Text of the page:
1887
Volume 24, Issue 2
  • ISSN 1387-9316
  • E-ISSN: 1569-996X
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Abstract

Abstract

Sign languages have been reported to have manual signs that function as perfective morphemes (Fischer & Gough 1999Meir 1999Rathmann 2005Duffy 2007Zucchi et al. 2010). Turkish Sign Language (TİD) has also been claimed to have such morphemes (Zeshan 2003Kubuş & Rathmann 2009Dikyuva 2011Gökgöz 2011Karabüklü 2016) as well as a nonmanual marker (‘bn’) (Dikyuva 2011). This study shows that the nonmanual ‘bn’ is in fact a perfective morpheme. We examine its compatibility with different event types and furthermore show that TİD has a manual sign (‘finish’) that is indeed the completive marker but with possibly unusual restrictions on its use. Based on their distribution, the current study distinguishes and ‘bn’ as different morphemes even though they can co-occur. TİD is argued to be typologically different from other sign languages since it has both a nonmanual marker (‘bn’) for a perfective morpheme and a manual sign () with different selectional properties than the manual signs reported for other sign languages.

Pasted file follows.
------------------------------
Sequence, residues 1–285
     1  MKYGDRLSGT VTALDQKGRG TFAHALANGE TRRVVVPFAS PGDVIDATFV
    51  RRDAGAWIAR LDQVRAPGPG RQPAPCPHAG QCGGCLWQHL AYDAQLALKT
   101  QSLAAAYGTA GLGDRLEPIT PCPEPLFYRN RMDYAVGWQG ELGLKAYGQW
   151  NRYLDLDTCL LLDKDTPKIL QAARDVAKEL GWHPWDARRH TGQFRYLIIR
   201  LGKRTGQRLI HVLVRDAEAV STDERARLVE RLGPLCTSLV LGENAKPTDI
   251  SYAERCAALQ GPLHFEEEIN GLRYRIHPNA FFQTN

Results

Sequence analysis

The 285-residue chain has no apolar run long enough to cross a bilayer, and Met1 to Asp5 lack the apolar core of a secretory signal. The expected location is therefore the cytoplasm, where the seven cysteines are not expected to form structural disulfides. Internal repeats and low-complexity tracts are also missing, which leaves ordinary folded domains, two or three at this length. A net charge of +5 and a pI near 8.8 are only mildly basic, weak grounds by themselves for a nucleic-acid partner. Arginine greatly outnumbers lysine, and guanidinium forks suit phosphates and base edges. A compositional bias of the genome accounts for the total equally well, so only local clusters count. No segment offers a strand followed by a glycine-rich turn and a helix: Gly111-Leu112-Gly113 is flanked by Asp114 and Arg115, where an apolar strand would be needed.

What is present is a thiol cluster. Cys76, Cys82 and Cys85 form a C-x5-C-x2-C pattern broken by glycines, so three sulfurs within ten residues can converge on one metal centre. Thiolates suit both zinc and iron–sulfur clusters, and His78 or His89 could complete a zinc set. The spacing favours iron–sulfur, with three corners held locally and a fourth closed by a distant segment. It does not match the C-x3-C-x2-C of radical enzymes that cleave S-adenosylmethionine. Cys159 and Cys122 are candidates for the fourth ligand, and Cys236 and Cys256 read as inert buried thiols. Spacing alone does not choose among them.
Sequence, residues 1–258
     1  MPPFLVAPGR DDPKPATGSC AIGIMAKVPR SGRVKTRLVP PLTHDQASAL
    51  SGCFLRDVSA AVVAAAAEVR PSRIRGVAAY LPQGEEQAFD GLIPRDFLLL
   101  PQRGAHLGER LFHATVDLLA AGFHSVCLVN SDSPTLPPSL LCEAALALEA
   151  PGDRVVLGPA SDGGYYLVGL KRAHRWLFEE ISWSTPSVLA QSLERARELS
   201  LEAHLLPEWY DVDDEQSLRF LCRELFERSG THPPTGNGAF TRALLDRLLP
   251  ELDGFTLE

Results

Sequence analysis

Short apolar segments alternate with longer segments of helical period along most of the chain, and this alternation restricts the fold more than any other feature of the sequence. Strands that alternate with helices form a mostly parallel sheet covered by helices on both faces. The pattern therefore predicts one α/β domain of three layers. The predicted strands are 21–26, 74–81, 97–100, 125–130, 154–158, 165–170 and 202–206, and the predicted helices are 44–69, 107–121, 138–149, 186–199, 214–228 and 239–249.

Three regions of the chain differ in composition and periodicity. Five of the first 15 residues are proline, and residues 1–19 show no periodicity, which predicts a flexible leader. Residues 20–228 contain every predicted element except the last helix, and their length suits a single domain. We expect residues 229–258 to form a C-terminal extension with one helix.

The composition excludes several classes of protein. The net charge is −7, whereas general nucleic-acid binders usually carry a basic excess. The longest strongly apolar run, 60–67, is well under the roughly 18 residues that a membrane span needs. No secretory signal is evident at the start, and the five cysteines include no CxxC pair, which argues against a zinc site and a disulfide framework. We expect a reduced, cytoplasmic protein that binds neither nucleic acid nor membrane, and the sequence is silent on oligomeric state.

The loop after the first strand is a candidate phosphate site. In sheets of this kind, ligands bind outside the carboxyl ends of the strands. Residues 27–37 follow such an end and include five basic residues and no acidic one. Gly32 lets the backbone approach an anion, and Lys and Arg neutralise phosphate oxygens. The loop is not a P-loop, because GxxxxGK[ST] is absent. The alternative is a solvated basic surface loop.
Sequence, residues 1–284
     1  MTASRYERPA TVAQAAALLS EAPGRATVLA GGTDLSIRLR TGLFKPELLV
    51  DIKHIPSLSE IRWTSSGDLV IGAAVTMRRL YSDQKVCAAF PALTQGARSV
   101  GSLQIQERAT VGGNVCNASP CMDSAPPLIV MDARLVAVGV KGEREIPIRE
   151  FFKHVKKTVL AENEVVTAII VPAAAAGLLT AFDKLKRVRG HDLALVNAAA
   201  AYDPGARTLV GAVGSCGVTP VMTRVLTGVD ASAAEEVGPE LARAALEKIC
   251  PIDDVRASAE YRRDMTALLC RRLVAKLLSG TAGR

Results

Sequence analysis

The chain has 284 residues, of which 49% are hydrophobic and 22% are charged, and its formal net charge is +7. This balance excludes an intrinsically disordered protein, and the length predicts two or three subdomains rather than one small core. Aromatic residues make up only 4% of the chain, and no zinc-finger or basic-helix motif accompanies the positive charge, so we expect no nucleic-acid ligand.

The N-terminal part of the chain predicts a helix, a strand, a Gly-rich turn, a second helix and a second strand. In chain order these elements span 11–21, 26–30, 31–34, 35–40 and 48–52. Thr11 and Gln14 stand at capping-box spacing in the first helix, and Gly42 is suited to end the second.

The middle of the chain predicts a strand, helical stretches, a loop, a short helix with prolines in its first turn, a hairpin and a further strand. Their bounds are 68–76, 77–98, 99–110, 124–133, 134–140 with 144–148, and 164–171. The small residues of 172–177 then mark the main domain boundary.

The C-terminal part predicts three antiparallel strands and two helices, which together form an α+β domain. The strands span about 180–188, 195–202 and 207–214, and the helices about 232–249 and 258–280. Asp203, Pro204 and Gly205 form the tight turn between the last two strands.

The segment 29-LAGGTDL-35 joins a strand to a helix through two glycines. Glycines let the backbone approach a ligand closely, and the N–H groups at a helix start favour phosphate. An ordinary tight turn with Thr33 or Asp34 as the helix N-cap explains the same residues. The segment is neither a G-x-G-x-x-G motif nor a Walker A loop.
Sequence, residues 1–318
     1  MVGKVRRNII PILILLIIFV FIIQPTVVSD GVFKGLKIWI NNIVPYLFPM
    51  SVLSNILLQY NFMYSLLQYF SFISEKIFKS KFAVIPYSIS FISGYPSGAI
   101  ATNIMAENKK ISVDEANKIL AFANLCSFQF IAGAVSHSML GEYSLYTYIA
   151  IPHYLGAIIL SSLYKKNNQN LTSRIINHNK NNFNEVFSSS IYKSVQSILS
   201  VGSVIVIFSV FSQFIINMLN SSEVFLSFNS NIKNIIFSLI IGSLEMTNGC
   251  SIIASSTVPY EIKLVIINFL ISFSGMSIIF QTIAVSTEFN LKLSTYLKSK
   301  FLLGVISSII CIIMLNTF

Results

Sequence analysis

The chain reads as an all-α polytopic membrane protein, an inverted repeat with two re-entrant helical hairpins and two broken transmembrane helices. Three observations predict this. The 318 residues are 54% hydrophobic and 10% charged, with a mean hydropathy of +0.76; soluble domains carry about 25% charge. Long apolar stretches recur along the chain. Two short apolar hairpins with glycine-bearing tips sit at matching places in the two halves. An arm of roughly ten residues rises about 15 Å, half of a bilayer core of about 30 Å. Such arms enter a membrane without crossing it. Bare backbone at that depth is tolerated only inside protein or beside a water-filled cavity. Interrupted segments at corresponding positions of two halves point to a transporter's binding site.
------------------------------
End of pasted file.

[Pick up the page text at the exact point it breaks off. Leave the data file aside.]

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2021-07-16
2021-10-26
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